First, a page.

This year is the 100th anniversary of the death of the Japanese novelist, Natsume Soseki.
Until recently he had been featured on the Japanese one-thousand yen banknote (about USD10). He had studied in London on government scholarship for two years from 1900. This month the Soseki Museum in London privately run by Ikuo Tsunematsu, a scholar, will close this month on September 28th.
In 1999 I came on a Japanese government scholarship to Japan to study Japanese Literature. There is nothing better than being given the opportunity to learn. I had always wondered why the Japanese government spent so much money on foreign exchange students like me but gave next to nothing to its own citizens. They should be giving out scholarships like they did during the Meiji Period (1868-1912) to people like Soseki. They should be making the next Soseki, Kafu and Ogai instead of doling out to others who may not stay in Japan, but they don’t. Japan really has a lot to lose by not nurturing its own talents.
Grant Snider has come up with another great comic summary of life. This time his attention is turned to literature and the concept of conflict within it at different stages of Western culture. Check out more of his work here.
I finally found (and puchased) a copy of Joyce’s Finnegans Wake in one of my local bookstores. I had not want to purchase it online because book hunting is so much more fun.
In putting into my library database I had found even the LibraryThing community could get it wrong. The listing was
which is not correct, of course.
The title is Finnegans Wake where multiple Finnegans wake up (evidenced by the loop from last sentence back to the first opening sentence), and not the wake of Finnegan. It is indistinguishable when pronounced much like difference and Derrida’s play on words differance.
“Reading is more important than writing.”
— Roberto Bolaño
Without exposure to a language one will never master it. That exposure can come in many forms but the best form is culture. Culture and language are essentially the same thing. There will be no language if there is no culture the opposite is also true. So to understand a language, its nuances, meaning and usage one needs to be in contact with the very space of it. Otherwise it will ring false, be inauthentic.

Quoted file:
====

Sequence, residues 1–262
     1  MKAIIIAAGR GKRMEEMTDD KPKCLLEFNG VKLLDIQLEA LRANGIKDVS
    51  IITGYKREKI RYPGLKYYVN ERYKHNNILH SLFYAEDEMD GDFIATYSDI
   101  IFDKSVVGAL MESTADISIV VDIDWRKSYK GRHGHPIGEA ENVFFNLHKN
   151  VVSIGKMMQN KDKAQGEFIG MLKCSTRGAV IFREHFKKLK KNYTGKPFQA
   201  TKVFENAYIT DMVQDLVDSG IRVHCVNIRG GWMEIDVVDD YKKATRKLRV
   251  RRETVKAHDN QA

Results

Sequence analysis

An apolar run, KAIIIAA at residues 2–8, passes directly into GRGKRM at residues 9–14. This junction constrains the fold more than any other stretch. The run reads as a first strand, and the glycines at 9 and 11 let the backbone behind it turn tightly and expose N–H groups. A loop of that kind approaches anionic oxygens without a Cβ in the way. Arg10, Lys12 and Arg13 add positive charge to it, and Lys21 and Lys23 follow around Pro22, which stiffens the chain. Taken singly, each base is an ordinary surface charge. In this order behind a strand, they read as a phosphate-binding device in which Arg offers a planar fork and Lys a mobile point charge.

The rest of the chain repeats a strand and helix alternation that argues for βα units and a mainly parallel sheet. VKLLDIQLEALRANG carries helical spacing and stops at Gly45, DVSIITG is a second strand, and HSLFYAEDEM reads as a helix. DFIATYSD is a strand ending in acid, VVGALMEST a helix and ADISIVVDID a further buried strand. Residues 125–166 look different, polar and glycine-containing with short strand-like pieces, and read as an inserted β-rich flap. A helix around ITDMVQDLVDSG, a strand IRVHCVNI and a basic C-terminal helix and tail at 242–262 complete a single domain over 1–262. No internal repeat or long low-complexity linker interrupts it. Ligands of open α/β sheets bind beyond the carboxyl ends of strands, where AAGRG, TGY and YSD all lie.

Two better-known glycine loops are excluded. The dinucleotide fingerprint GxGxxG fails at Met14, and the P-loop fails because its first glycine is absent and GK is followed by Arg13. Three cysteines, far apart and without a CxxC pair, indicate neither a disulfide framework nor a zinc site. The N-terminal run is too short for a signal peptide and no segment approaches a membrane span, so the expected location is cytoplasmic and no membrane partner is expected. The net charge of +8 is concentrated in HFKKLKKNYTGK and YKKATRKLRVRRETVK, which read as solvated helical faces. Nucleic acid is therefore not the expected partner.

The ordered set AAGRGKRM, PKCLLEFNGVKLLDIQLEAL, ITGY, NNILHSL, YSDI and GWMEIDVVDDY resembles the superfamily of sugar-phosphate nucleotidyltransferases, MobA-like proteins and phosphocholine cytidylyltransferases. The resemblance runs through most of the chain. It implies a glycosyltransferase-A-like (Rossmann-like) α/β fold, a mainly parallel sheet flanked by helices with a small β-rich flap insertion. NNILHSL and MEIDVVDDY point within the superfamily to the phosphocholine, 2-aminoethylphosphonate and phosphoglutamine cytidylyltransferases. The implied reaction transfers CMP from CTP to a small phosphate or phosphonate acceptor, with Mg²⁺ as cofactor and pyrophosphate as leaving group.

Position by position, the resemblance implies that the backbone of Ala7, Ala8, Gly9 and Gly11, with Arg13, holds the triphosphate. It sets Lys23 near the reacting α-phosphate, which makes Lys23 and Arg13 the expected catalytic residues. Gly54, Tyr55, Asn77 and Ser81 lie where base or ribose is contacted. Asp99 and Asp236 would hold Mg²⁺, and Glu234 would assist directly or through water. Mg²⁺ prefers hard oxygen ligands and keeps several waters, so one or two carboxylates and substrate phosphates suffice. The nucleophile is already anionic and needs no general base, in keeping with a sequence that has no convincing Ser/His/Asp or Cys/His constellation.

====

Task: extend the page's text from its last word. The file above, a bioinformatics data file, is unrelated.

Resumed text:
I spend a lot of time thinking about language, even when buying presents for my kids.
This year I got the Lego Tie Fighter for my son (deep down the toy is for me but I believe we have kids so that we can continue our childhood into adulthood).
For most of my life I have thought why George Lucas and his cohorts should decide to call it the Tie Fighter instead of the H-wing Fighter. Afterall, the rebel fighter is called the X-wing Fighter because of its shape.
My conclusion is this: the H-wing Fighter just doesn’t sound good. There is nothing unconventional about the letter ‘H’ (X is such a rarely used letter it makes it sound mysterious). But the question is why ‘Tie’? My theory is that is looks like a bow tie and a Bow Tie Fighter will not cut it either. So the shortened form Tie Fighter sounds cool even though it has nothing to do with its function.
If this be the case then the name betrays its twentieth century roots. I mean I don’t see Darth Vader, Obi-Wan Kenobi, Luke Skywalker or Yoda sporting one in any scene.
In short, in the very distant future in galaxies far far away bow ties are out.
Why are we — as a species — so hopelessly addicted to narratives about the fake struggles of pretend people?
We are a strange species. Our access to the thoughts of others has given us morality. It gives us society as we know it. Without this ability we would not be much more than just another animal. Stories are a way to access other people’s thoughts. In this sense we should be careful about what and how we read.
I have fond memories of my undergraduate days as a Japanese major.
To me they were exciting times. The world was seemingly spinning at a furious pace. The people I met were doing things, going places. My future was ahead of me.
My future now, of course, is still ahead of me (metaphorically, can it be nothing other than ‘ahead’). But it is different, still exciting, perhaps a little more focused and a little less uncertain. Twenty years down the road and I have made more progress (alas! a little slower than I would have liked) towards my goal as an academic. Continue reading